Thursday Throughput for 3/14
[ThTH1] This could really be a blog post of its own, but the latest massive study has shown no connection between the MMR vaccine and autism. This is happening at a time when measles is breaking out all over and Oregon had its first tetanus case in thirty years.
Here’s the thing though: even if vaccines did cause autism, even if they caused other injuries (which they don’t, but many anti-vaxxers are moving away from the autism thing), it would still be worth it. Penn and Teller made this case beautifully over a decade ago. It’s still true (language warning)
[ThTh2] It turns out that blowing up an asteroid might be a lot harder than we think. The good news is that if we ever discover a doomsday rock that will hit the Earth, we don’t have to blow it up (terrible Bruce Willis movies notwithstanding). Nudge its orbit even a little bit early on and it will miss the Earth by millions of miles. We have the technology to land on asteroids. Developing a deflection mission should be one of NASA’s highest priorities.
[ThTh3] Trump’s budget proposal has basically zero chance of becoming law. But a fellow Siegel breaks down just how aggressively his budget proposal attacks basic science. One of the myths about Republicans — well, mostly a myth — is that they don’t like science. But having met Republican politicians and operatives, I have not found that to be the case. And science funding under Republican Presidents and Congresses has been just as good (or bad) as under Democratic ones. This is one area where I break with my conservative-libertarian brethren. Funding basic science, to me, is something government should do. It falls into the category that Adam Smith described as things that benefit the public generally but are too broad to benefit any business particularly.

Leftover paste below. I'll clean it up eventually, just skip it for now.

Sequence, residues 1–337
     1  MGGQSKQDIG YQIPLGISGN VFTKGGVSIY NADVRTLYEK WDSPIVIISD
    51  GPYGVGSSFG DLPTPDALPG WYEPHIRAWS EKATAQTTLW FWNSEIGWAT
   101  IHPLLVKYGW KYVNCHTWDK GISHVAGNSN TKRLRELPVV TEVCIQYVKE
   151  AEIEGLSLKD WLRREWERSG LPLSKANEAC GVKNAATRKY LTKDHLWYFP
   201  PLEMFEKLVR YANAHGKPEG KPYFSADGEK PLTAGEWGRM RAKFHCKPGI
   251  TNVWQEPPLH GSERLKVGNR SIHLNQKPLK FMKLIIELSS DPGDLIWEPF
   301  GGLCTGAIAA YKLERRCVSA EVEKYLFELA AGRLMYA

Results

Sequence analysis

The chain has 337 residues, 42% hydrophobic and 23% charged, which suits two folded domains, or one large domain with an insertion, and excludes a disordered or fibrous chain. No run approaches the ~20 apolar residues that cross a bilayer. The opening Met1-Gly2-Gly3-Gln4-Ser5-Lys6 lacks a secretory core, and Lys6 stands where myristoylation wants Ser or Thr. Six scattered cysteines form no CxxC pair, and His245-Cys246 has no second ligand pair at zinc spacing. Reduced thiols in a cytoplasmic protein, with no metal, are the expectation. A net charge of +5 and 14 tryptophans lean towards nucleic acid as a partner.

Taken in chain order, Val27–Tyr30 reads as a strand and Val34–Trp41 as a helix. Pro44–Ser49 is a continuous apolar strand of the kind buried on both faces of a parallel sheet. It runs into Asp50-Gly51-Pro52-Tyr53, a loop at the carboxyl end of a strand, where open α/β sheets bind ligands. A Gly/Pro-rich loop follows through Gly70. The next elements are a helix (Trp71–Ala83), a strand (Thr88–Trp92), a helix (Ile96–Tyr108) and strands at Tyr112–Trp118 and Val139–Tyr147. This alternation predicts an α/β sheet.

[ThTh4] What killed the dinosaurs? Asteroids? Volcanos? How about both.
[ThTh5] We’re still a few millennia into this whole astronomy thing and we’re still just discovering the neighbors.
[ThTh6] I can never get enough of basic astronomy. Will absolutely have to check this out if I’m ever near the dam.
[ThTh7] Astronomy grad student Alysa Obertas put together this fantastic animation showing how we discover planets around other stars. To explain what you’re seeing: the upper left panel shows the orbit of the two bodies in the system seen from above. The lower left shows what they look like “edge on”, from the side. The bottom right panel shows a spectrum with the dark lines (absorption of the light by chemical elements in the star’s atmosphere) shifting red and blue as the star’s velocity changes. The top right shows how the radial velocity changes in the orbit as the star moves toward and away from us. The gravitational tug of a planet is tiny but we can measure it down to extremely high precision — a few parts in a million.
I made this gif for a talk last week because I couldn't find any existing radial velocity gifs that I liked. Please feel free to use it (but please attribute it to me/don't remove my name). 💫 pic.twitter.com/PPiNPo9Kxu
— Alysa Obertas (@AstroAlysa) March 10, 2019